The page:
Whether you like it or not, it’s nearly impossible to avoid artificial intelligence (AI) at some point in the hiring process.
The most widely-understood AI-powered component of the hiring process is the Applicant Tracking System (ATS), which uses AI to screen candidate suitability for open roles.
But this is not the only hiring aspect in which AI plays a role.
Specifically, a 2021 Forbes article suggests that 99 percent of Fortune 500 companies used “talent-sifting software,” while around 55 percent of human resources teamed used predictive algorithms to aid in their hiring processes.
Certainly, AI-driven hiring processes have issues. Eighty-eight percent of employers surveyed by Harvard Business School said they thought AIs filtered out qualified candidates before their profiles were reviewed by real people.
A recent report from Brookings found troubling results in AI, as well.
“Speech recognition models have demonstrated clear biases against African Americans and potential problems across dialectical and regional variations of speech. Commercial AI facial analysis, aside from being largely pseudoscientific, has shown clear disparities across skin color and is highly concerning for people with disabilities,” wrote Brookings’ Alex Engler.
Certainly, AI has a long way to go before it can be used ethically in the hiring process. But in the meantime, companies are using this technology, so why shouldn’t you also use it to secure a digital advantage in your executive job search?
ChatGPT is a chatbot that employs resources inputted by users to create written documents.
Nearly half (46 percent) of jobseekers surveyed by ResumeBuilder.com used ChatGPT to help them write résumés or cover letters. While it’s not a great idea to simply submit the chatbot-generated application materials without revising them, you can use AI to help generate content that best fits what the company is seeking in a candidate.
“I tested ChatGPT as a job seeker by providing the prompt. I asked ChatGPT to identify core competencies based on the targeted role and added four job postings. Now, I have the resources with soft skills and hard skills to create a résumé. It helped me understand my strength, weakness, opportunities, and threat (SWOT) to self-reflect,” said career strategist and coach Sweta Regmi.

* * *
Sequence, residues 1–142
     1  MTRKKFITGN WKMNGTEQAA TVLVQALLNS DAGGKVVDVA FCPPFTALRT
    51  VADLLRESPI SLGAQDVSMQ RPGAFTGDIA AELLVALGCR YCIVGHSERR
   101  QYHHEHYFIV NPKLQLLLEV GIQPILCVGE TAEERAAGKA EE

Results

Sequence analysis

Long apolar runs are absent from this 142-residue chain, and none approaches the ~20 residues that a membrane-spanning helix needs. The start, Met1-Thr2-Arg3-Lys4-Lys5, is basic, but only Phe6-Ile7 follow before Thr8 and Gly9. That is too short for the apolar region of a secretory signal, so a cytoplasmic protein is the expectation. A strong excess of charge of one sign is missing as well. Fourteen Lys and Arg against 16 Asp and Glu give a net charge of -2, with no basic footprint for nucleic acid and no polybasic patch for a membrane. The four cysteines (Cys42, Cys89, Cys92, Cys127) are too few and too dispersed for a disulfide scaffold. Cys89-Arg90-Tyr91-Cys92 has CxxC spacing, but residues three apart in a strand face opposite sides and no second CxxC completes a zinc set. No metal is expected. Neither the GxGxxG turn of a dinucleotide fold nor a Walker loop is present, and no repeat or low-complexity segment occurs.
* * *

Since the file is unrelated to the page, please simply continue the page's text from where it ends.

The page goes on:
“Beating” the ATS
Once you’ve written your application materials, prepare them to “pass” the ATS, which screens out applications that don’t match the skills requested in the job posting.
Specifically, tailor your résumé to re-articulate the important skills and qualities mentioned in each job posting to which you’re applying. It goes without saying that to do this, you’ll need to modify your document for every job to which you’re applying. This tailoring habit will not only help you “beat” the ATS but will also appeal to hiring managers when they read your résumé.
“[You] definitely won’t want to keep submitting the same document over and over to multiple companies. Not only will it be harder to beat the ATS because you might not have the exact right keywords from the job description, but any recruiter who sees your resumé will be able to tell if it’s just a generic one that you send to everyone,” said Ken Coleman of Ramsey Solutions.
Preparing for AI Bots in Interviews
Another aspect of the hiring process you should prepare for is AI-driven first-round interviews.
Some companies use this screening tool to not only identify if candidates’ answers fit company needs but also to screen their body language, speech, and other factors.
Coach Bernard Marr explains how this screening process works at Unilever, where AI screening interviews have cut down on around 70,000 hours of in-person interviewing thus far. Candidates at this stage are screened for around 30 minutes.
What is the AI screening for?
“We look for people with a sense of purpose – systemic thinking, resilience, business acumen. Based on that profile, the games and the video interview are all programmed to look for cues in their behavior that will help us understand who will fit in at Unilever,” said the company’s chief of HR, Leena Nair.
Building Your Digital Presence
Another way that companies are employing AI is by having it hunt for passive candidates or individuals who aren’t actively searching for a job.
“The talent pool is massive for this group (it’s pretty much everyone out there not in the job search), so AI can quickly zoom in on great candidates, whether they’re looking or not,” said Stuart Rauch for Simplilearn.
So, one way that you can use AI to your advantage is by creating a LinkedIn and keeping it current and active. If the AI is using machine learning to hunt for candidates, the more likely it is to seek you if you demonstrate your thought leadership and expertise in relevant industries.
Then, you might be sent exciting job opportunities, even if you’re not actively seeking them out.
Using AI to Secure a Digital Advantage in Your Executive Job Search
Companies are using artificial intelligence tools to save time and money on their recruitment.
While AI may eventually be a wholly-ethical means to identifying the strongest candidates for jobs, right now, human error and bias come into play in designing these algorithms. So, in order to be “selected” by AI hiring tools, candidates have to know how to play the game to ensure a digital advantage in their executive job search.
If you’re an HR professional or want to more fully understand the biases that may be baked into AI, read our article “AI Won’t Solve Hiring Bias – But People Can.”https://ivyexec.com/career-advice/2023/the-digital-advantage-in-executive-job-search-mastering-the-rise-of-the-ai/